How Rural, Conservative Oklahoma Built the Nation's Best Model for Early Education
Four-year-old John Kaykay is a serious and quiet boy—“my thoughtful one,” his dad calls him. When the official greeters at the front door of the McClure early-childhood center in Tulsa welcome him with their clipboards and electric cheer—“Good morning, John! How are you today?”—he just slowly nods his small chin in their direction. When he gets to Christie Housley’s large, sunny classroom, he focuses intensely on signing in, writing the four letters of his name with a crayon as his dad crouches behind him. When he’s asked the question of the day—“Do you like music?”—he pauses for a minute before putting his magnetic nameplate in the “no” section.
John’s third day of pre-kindergarten will be filled with more questions. Since yesterday was the 20th and tomorrow is the 22nd, what day is today? Can he pick out the card with the number 21 written on it? If the colors go pink, blue, pink, blue, what comes next in the pattern? How many of his friends are in school today? Can he think of a word that rhymes with dog?
Historically, Americans have operated on the assumption that kids will just somehow pick up such essentials along the way to “real” school. But, with concerns mounting over rising dropout rates and grim earning prospects for poorly educated Americans, the matter of when and under what circumstances we begin to teach children is of growing importance. Guided by research that shows that most of the wiring for future academic accomplishment happens in the first five years of life, education experts have been exploring how to get our children off to a better, and earlier, start. Many point to France and some of the Scandinavian countries, where almost all three- and four-year-olds participate in good, public preschool.
But the United States has several stalwarts of early education, too. Even with budgetary challenges, Georgia, Arkansas, and West Virginia have all managed to create high-quality pre-kindergarten programs with strong enrollment over the past few years. But it is John Kaykay’s home state, Oklahoma, that offers the single best example of how preschool can work when it’s done well—of how it can elevate its students’ learning, expand the horizons of the educational system, and enhance the entire community.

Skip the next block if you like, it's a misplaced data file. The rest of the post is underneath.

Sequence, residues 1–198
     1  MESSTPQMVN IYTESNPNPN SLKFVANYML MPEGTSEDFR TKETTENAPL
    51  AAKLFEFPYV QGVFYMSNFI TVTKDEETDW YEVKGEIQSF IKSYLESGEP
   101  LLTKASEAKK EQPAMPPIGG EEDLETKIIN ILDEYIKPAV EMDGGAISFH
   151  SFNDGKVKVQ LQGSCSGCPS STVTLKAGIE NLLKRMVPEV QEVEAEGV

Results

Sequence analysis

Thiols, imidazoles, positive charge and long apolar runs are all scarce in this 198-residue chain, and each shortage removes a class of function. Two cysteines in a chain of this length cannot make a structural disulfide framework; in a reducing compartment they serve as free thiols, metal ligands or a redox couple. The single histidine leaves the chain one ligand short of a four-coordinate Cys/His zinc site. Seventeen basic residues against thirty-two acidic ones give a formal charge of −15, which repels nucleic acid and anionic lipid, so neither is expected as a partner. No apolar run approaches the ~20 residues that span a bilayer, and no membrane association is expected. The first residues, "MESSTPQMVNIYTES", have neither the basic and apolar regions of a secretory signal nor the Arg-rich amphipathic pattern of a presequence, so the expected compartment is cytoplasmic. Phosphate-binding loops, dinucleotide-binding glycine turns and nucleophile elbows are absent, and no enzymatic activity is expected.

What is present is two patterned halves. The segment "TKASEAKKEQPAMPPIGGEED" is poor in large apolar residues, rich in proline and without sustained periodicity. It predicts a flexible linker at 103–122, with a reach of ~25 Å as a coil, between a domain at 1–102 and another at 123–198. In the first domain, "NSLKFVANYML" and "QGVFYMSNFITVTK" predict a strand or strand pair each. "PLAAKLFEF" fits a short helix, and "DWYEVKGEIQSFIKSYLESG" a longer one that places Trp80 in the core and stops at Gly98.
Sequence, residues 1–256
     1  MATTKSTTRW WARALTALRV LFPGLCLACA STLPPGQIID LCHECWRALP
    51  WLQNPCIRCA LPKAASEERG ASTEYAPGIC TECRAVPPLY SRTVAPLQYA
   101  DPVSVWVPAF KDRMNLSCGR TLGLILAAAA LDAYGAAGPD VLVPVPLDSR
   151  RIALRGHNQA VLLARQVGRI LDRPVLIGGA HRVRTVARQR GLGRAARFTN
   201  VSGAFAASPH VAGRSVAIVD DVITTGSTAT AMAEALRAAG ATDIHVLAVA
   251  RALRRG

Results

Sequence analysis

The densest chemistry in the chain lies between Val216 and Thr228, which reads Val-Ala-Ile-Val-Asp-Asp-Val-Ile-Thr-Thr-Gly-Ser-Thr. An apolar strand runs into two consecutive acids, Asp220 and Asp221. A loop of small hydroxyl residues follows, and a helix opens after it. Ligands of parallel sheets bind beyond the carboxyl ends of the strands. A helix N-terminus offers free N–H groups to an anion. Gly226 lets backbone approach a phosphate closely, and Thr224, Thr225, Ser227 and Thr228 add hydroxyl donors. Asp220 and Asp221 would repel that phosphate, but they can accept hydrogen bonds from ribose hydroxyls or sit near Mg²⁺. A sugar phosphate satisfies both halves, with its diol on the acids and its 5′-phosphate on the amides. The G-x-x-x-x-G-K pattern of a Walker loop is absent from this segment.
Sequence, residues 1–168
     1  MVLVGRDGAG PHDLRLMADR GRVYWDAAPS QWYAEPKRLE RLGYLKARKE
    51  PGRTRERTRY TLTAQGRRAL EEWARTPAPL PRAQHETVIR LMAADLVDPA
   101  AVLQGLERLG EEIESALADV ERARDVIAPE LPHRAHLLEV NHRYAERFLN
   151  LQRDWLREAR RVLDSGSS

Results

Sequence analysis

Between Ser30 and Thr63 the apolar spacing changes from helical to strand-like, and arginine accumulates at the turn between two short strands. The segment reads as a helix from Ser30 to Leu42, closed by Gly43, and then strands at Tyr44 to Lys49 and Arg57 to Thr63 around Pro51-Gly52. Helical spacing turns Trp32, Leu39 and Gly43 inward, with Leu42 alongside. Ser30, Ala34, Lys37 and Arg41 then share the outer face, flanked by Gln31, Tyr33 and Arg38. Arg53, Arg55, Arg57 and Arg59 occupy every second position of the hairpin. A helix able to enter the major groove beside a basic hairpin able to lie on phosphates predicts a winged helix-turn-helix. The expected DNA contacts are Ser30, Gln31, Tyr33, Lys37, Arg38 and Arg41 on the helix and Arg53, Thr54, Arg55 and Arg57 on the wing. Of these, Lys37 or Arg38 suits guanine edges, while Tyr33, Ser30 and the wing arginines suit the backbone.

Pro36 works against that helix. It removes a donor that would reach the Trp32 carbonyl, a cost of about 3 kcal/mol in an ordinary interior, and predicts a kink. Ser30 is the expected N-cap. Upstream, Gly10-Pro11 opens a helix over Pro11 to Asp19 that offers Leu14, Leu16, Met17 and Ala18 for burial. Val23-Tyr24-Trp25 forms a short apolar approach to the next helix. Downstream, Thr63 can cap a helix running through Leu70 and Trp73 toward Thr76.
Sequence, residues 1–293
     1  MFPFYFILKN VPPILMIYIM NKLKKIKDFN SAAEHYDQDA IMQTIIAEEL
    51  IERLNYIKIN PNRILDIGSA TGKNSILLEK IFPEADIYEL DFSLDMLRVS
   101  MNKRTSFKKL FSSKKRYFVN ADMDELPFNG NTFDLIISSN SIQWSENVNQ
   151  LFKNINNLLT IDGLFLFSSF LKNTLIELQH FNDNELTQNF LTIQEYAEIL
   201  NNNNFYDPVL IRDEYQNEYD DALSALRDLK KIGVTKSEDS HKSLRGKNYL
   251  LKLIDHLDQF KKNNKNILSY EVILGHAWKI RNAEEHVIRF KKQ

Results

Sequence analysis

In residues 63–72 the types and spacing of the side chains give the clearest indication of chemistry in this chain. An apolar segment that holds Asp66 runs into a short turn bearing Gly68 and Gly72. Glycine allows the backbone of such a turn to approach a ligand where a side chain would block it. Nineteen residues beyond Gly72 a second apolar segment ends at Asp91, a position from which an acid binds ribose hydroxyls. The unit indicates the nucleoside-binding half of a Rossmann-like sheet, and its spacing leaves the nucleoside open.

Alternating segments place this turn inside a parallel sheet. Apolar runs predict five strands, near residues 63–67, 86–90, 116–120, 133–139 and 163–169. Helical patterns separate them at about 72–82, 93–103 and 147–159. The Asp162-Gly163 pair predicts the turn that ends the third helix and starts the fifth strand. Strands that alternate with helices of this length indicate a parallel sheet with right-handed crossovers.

Despite growing evidence of the benefits of early education, nationwide only 28 percent of four-year-olds are enrolled in public pre-K. Among three-year-olds, a paltry 4 percent are enrolled in a public educational program. The numbers could decrease even more as pre-K falls victim to recessionary belt-tightening. States have already cut $90 million from education for three- and four-year-olds over the past two years. Eleven states provide no program at all.
Oklahoma has bucked the national trend. Seventy-four percent of four-year-olds—more than in any other state—are in high-quality pre-K. Virtually every parent who wants a spot can get one, whether in a public school or in a partner organization, such as Tulsa’s Community Action Project, which runs John Kaykay’s pre-K classroom. The effort has been so thorough and so widely embraced that, in effect, public school in Oklahoma begins at age four.
Even among the states that do well by their preschoolers, Oklahoma is exceptional. On paper, nine states have universal pre--kindergarten, meaning that all four-year-olds are theoretically eligible. But in most of those states, there isn’t nearly enough funding for everyone to enroll. That’s the case in New York, where fewer than half of four-year-olds participate in the “universal” program. Other states do a superb job with enrollment but a poor job of providing the education. Florida, for instance, has the highest percentage of four-year-olds in pre-K programs—76 percent, slightly more than Oklahoma, according to the most recent “State of Preschool” report by the National Institute for Early Education Research. But because Florida doesn’t require its teachers to have a college degree in early education—and because the state spends so little on each child—just $2,422 per child per year, $5,000 less than in Oklahoma—the quality of the program is low.